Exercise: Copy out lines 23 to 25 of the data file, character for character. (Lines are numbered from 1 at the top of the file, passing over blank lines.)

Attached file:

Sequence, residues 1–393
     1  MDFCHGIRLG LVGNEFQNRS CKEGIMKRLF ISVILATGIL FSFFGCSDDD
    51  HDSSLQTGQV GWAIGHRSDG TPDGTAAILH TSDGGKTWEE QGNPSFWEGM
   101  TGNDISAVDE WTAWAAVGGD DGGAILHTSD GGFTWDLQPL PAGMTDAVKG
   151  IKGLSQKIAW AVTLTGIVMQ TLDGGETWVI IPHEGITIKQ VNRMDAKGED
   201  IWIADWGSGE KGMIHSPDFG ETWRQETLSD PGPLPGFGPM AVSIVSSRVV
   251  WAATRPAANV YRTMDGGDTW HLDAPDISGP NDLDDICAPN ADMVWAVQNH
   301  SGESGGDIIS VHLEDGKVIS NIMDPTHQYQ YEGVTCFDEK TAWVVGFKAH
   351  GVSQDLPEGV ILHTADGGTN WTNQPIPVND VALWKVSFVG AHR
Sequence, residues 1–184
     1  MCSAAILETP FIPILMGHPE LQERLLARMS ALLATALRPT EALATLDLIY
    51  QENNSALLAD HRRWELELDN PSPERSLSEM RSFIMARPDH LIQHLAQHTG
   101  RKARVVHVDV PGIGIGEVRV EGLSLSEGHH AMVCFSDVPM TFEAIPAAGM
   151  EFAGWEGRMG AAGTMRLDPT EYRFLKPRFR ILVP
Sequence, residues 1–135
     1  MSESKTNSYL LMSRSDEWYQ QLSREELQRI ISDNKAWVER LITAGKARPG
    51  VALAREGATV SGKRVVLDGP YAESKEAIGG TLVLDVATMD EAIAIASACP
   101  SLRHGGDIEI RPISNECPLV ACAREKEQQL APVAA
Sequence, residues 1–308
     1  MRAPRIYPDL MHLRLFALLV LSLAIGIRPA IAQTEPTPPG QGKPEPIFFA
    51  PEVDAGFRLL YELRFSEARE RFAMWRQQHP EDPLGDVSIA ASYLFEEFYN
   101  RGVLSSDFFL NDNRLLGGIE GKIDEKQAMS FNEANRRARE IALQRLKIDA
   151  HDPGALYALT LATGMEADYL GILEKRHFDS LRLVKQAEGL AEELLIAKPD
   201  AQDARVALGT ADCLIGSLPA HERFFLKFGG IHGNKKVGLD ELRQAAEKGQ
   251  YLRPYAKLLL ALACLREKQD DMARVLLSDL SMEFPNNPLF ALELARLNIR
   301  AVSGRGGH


   151  HDPGALYALT LATGMEADYL GILEKRHFDS LRLVKQAEGL AEELLIAKPD
   201  AQDARVALGT ADCLIGSLPA HERFFLKFGG IHGNKKVGLD ELRQAAEKGQ
   251  YLRPYAKLLL ALACLREKQD DMARVLLSDL SMEFPNNPLF ALELARLNIR